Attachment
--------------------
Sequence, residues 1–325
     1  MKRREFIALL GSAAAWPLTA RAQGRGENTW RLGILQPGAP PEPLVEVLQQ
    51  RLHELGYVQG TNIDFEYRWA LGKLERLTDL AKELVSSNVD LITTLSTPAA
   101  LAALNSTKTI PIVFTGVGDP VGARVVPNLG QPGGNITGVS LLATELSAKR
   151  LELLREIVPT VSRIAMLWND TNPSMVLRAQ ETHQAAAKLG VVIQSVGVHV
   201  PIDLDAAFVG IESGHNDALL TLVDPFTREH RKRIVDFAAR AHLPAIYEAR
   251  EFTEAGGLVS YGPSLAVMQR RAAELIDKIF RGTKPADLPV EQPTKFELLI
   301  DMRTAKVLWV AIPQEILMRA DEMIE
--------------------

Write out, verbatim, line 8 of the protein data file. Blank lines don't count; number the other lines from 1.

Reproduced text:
   301  DMRTAKVLWV AIPQEILMRA DEMIE